Multiple sclerosis related trigeminal neuralgia treatment
Surgical interventions are less effective for the treatment of MS-related TN compared with classic TN, and higher recurrence rates are observed and is more difficult to manage pharmacologically.
Treatment failure occurs in most of the MS-related TN patients independently of the type of treatment.
They performed a retrospective study of MS-TN patients treated with SRS or RFA between 2002 and 2019. Outcomes included degree of pain relief, pain recurrence, and sensory changes, segregated based on initial treatment, final treatment following retreatment with the same modality, and crossover patients.
Sixty surgical cases for 42 MS-TN patients were reviewed. Initial pain freedom outcomes and rates of retreatment were similar (SRS: 30%; RFA: 42%). RFA resulted in faster onset of pain freedom (RFA: <1 week; SRS: 15 weeks; p < 0.001). SRS patients with pain relief had longer intervals to pain recurrence at 2 years (p = 0.044). Final treatment outcomes favored RFA for pain freedom/off-medication outcomes (RFA: 44%; SRS: 11%; p = 0.031), though RFA resulted in more paresthesia (RFA: 81%; SRS: 39%; p = 0.012). Both provided at least 80% of adequate pain relief. Crossover patients did not have improved pain relief.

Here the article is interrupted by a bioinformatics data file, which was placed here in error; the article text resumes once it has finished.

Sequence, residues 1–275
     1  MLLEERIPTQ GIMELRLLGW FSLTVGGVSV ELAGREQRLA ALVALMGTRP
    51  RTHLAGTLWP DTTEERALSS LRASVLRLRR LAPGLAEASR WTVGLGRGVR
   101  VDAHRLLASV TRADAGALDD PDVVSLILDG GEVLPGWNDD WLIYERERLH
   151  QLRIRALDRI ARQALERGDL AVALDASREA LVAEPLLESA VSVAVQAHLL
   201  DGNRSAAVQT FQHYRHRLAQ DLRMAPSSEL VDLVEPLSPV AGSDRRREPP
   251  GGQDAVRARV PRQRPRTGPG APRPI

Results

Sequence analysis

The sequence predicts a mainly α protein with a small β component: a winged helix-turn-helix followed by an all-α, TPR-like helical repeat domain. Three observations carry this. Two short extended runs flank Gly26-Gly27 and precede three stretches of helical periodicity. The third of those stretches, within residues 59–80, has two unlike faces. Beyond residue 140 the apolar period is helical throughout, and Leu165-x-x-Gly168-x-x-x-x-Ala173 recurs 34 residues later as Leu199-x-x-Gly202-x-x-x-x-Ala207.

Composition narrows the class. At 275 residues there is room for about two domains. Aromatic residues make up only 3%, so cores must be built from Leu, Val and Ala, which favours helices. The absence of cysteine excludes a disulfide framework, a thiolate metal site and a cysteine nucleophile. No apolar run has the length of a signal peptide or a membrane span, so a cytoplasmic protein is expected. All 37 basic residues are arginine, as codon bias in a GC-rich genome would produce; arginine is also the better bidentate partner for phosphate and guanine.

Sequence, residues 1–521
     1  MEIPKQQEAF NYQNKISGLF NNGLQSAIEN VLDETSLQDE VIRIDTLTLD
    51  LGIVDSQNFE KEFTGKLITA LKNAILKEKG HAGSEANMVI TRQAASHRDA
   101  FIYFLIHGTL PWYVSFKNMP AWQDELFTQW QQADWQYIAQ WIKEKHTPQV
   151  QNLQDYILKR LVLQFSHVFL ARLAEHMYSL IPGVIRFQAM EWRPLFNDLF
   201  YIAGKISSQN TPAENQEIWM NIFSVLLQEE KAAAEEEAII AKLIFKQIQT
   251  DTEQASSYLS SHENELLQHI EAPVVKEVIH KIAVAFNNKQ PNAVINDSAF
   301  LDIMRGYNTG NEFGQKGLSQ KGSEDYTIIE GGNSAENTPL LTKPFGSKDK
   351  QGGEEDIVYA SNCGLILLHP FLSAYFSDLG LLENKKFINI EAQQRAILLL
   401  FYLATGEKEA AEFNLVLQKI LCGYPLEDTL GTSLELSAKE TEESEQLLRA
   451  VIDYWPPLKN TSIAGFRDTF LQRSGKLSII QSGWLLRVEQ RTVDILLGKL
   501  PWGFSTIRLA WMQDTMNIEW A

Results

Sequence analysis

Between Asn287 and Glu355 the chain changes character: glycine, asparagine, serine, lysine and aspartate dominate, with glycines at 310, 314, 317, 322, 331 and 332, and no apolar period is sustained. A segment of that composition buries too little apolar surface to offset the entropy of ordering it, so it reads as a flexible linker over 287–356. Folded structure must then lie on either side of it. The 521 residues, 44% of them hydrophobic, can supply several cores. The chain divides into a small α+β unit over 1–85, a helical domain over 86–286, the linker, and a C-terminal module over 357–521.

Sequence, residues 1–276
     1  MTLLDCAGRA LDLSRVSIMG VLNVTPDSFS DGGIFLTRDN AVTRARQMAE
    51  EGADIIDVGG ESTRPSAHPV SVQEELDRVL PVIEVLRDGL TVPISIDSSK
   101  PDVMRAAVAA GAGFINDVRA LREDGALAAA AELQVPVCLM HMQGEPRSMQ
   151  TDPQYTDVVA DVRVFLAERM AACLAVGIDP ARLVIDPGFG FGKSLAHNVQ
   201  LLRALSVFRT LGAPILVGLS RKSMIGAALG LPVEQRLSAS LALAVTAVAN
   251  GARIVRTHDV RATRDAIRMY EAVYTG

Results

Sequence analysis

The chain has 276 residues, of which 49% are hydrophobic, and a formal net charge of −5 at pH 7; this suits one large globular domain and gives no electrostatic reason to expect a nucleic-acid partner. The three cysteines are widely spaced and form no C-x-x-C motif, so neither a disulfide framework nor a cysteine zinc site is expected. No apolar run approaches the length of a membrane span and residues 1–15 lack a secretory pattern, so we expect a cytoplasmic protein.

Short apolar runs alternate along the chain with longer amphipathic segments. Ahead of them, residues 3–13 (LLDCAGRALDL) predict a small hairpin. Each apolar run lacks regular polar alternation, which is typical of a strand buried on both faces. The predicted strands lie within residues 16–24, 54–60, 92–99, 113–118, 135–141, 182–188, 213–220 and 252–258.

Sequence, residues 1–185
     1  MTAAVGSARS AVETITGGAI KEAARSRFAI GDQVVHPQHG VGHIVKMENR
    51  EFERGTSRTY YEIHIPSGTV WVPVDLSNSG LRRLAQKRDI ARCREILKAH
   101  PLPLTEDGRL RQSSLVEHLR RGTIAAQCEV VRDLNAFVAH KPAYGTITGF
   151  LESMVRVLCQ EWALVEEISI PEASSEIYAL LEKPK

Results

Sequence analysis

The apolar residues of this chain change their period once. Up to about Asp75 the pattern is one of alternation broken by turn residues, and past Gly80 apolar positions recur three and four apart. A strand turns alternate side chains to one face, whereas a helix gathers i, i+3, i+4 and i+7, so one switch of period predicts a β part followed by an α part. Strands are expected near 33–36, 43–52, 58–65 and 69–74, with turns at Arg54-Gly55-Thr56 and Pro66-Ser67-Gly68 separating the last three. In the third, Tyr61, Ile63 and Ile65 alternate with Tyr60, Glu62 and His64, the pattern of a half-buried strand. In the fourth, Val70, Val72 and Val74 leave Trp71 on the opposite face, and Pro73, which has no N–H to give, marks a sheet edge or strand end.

SRS and RFA are both valid surgical options for MS-TN. Discussion with providers will need to balance patient preference with their unique treatment characteristics 1).
Gamma Knife surgery
Between July 1992 and November 2010, 43 cases with more than 1 year of follow-up were operated with GKS for TN related to MS and prospectively evaluated in the Timone University Hospital, Marseille, France. Radiosurgery using the Gamma Knife (model B or C or Perfexion) was performed. A single 4-mm isocenter was positioned at a median distance of 8 mm (range 5.7-14.7) anterior to the emergence of the nerve. A median maximum dose of 85 Gy (range 75-90) was delivered. Results: The median follow-up period was 53.8 months (12-157.1). Thirty-nine patients (90.7%) were initially pain free. Their actuarial probability of remaining pain free without medication at 6 months, 1, 3, 5 and 10 years was 87.2, 71.8, 43.1, 38.3 and 20.5%, respectively, and remained stable till 12 years. The hypoesthesia actuarial rate at 6 months, 1 and 2 years was 11.5, 11.5 and 16%, and remained stable till 12 years. GKS proved safe and effective in this special group of patients 2).